The second gas effect embodies the same principles as the concentration effect. However, in this case the administration of a rapidly absorbed gas given in high concentration (typically nitrous oxide) together with a volatile agent of lower solubility, produces an increasing alveolar concentration of the second agent thus promoting its absorption.
Wash-in curves for volatile anaesthetic agents
The following factors influence the transport of the volatile agent dissolved to the brain:
• Cardiac output
• Cerebral blood flow
• Distribution to other tissues
The distribution of blood to various tissues and compartments is described on page xx. While these principles apply to drugs that are intravenously administered, volatile agents behave in a similar fashion with the driving force of partial pressure (tension), tending toward equilibrium. The uptake of agent by the tissues is proportional to tissue perfusion, solubility and arteriovenous tension difference. The formula is:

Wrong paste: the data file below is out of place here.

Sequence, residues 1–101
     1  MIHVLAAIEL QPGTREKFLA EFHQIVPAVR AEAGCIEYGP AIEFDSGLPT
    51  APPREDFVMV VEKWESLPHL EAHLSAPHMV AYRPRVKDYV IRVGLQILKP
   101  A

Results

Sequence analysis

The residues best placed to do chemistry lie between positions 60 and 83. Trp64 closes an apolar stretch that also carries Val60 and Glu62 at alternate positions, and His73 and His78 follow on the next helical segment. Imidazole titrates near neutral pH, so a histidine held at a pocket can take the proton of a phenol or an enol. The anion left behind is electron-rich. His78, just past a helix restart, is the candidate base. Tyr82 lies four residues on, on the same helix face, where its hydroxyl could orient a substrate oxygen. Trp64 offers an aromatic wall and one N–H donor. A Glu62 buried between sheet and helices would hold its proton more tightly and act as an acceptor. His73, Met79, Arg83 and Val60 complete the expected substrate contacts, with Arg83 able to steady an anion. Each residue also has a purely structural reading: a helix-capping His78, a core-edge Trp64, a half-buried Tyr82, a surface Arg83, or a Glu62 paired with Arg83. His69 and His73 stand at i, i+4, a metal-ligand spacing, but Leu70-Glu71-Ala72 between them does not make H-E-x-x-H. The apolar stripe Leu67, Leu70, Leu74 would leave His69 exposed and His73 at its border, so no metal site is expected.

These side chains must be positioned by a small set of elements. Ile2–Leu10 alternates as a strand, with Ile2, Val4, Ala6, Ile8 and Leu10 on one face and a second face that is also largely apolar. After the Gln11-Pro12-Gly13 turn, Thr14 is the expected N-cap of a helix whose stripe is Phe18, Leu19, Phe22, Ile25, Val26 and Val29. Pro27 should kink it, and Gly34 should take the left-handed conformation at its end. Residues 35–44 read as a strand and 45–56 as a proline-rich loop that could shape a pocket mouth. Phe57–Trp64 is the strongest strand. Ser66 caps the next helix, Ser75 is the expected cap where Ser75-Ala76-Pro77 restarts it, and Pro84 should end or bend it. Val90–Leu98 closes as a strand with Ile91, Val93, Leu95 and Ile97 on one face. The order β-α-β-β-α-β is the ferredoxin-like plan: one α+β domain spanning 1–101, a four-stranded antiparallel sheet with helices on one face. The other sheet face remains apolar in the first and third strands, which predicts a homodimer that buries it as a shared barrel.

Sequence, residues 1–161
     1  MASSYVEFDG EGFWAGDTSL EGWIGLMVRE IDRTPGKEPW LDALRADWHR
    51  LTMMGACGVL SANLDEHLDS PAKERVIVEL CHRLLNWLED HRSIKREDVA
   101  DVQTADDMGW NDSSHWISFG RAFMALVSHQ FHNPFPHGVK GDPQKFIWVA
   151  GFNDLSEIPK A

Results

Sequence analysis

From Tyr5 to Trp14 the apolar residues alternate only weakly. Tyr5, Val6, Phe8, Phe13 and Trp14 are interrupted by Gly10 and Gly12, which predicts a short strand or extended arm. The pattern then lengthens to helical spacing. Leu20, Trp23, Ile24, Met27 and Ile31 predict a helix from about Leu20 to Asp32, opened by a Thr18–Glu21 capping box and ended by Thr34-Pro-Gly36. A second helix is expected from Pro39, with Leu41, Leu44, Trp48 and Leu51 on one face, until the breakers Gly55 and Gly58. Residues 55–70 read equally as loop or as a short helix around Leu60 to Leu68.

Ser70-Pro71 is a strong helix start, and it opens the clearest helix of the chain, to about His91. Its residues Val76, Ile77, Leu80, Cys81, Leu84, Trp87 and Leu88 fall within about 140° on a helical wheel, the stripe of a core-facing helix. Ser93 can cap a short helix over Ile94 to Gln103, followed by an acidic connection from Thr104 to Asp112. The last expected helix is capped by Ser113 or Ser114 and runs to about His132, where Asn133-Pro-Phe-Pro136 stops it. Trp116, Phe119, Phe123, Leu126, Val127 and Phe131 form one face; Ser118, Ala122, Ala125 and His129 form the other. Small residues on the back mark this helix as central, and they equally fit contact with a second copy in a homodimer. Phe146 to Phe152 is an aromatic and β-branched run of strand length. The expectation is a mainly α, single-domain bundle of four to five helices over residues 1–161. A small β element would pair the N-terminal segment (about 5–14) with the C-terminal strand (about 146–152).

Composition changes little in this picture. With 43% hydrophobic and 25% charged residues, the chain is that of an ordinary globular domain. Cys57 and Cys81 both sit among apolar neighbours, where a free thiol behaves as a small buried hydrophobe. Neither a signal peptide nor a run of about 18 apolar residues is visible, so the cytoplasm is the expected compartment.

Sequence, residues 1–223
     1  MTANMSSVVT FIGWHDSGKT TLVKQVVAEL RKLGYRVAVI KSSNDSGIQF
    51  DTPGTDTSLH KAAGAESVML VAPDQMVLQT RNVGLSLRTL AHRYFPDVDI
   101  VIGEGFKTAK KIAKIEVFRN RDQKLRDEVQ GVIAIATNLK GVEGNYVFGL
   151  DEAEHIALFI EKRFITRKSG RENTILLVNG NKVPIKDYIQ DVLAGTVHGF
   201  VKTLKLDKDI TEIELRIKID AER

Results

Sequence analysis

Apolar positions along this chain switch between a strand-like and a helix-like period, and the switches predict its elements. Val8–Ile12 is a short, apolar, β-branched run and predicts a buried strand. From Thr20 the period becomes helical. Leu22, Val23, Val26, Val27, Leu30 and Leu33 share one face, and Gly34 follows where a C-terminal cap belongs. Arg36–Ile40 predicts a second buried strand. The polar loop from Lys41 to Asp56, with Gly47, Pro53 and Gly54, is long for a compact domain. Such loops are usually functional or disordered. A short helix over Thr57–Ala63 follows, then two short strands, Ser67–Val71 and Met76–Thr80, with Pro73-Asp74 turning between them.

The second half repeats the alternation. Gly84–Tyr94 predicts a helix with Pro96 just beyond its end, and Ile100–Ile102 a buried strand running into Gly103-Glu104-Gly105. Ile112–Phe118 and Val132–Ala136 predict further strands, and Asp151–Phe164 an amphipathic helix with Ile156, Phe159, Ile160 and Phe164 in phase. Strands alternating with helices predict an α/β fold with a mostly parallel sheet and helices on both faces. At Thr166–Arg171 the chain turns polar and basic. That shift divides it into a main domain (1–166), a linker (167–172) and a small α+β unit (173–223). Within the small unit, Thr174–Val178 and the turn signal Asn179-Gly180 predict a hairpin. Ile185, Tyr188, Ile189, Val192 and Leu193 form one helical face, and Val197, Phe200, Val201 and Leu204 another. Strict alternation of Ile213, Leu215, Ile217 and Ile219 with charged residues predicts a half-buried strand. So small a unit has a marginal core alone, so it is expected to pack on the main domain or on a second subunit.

Uptake = tissue blood flow x tissue/blood solubility x arteriovenous tension difference.
The formula produces time constants for the exponential function of tissue anaesthetic tension against time. High cardiac output and low tissue solubility produce a low time constant.
Was this article helpful?
This guide will help millions of people understand this condition so that they can take control of their lives and make informed decisions. The ebook covers information on a vast number of different types of neuropathy. In addition, it will be a useful resource for their families, caregivers, and health care providers.